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Battle of the 3D CAD Systems

Autodesk jiggered the features on their subscription CAD service, Fusion 360. Why did they do so? 

Last year Autodesk released a terrific CAD subscription service, Fusion 360. It was divided into two options: a “regular” Fusion 360 service and an “Ultimate” service that was priced significantly higher than the “regular” version. Four times higher, in fact, with a USD$1,200 per year fee for Ultimate and only USD$300 for the lesser version. 

Now if you head over to the Autodesk Fusion 360 page you see a block of text explaining this: 

We’re rolling all the features of Ultimate into Fusion 360
With the upcoming release of Fusion 360, we’ll be including all the features of Fusion 360 Ultimate in Fusion 360. Features previously available only in Ultimate will be available to all current users of Fusion 360.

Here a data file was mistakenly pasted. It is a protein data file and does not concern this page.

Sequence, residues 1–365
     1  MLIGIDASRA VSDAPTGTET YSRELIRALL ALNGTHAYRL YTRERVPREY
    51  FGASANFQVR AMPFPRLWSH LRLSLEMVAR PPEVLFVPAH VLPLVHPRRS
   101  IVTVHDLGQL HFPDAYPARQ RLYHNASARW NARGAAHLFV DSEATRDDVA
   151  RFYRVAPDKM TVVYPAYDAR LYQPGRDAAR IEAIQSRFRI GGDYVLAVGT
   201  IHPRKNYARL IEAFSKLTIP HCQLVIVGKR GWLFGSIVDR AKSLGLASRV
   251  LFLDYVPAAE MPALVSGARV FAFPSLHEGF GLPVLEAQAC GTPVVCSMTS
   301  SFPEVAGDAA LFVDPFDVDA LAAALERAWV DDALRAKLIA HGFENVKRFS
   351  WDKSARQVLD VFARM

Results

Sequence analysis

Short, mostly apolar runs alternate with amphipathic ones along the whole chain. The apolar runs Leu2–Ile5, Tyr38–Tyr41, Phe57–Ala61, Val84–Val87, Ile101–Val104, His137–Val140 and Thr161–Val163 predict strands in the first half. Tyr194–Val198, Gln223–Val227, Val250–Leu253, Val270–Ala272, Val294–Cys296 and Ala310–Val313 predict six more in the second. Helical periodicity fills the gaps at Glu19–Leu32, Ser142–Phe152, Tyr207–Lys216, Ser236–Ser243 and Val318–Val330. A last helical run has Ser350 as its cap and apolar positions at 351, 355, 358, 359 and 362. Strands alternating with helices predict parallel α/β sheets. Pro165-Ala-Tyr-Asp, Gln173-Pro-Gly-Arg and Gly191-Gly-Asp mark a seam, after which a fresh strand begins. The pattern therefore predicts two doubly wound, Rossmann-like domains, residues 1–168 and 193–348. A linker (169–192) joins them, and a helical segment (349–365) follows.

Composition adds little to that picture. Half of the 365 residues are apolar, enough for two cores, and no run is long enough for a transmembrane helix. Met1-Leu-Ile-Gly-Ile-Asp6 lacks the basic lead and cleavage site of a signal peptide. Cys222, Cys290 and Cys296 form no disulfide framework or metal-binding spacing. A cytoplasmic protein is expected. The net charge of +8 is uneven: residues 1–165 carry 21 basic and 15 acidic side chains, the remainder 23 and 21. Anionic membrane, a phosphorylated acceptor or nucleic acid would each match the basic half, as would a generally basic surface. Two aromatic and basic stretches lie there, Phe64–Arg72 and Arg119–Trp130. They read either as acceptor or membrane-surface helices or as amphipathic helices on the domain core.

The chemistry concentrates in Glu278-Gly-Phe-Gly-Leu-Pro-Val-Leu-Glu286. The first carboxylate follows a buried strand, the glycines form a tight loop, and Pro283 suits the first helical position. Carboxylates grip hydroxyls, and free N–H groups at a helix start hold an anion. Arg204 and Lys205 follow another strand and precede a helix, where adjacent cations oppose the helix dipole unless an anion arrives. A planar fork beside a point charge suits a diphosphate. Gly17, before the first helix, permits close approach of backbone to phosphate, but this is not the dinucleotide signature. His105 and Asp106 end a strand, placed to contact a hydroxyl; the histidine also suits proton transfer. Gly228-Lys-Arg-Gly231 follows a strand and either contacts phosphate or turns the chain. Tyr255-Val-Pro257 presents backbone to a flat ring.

Autodesk will continue to sell Ultimate, but it will be more strongly focused at enterprise customers. In other words, they’ve beefed up “regular” for some reason. 

That reason could be the announcement of Onshape earlier this year. It’s a very powerful entirely web-based CAD service that’s quite easy to use. 

Onshape’s price levels may explain what’s going on here. For the full “enterprise” version of Onshape, you’ll pay USD$1,200 per year. What a coincidence! 

For the lesser version of Onshore that doesn’t include enterprise features (like large numbers of documents, shared libraries, etc), Onshape is actually available at no charge. 

This is why we think Autodesk threw Ultimate features into Fusion 360. They’ve had to compete against “free”. 

A troublesome situation for Autodesk, perhaps, but it’s a wonderful time to be a CAD consumer. 

Via Autodesk

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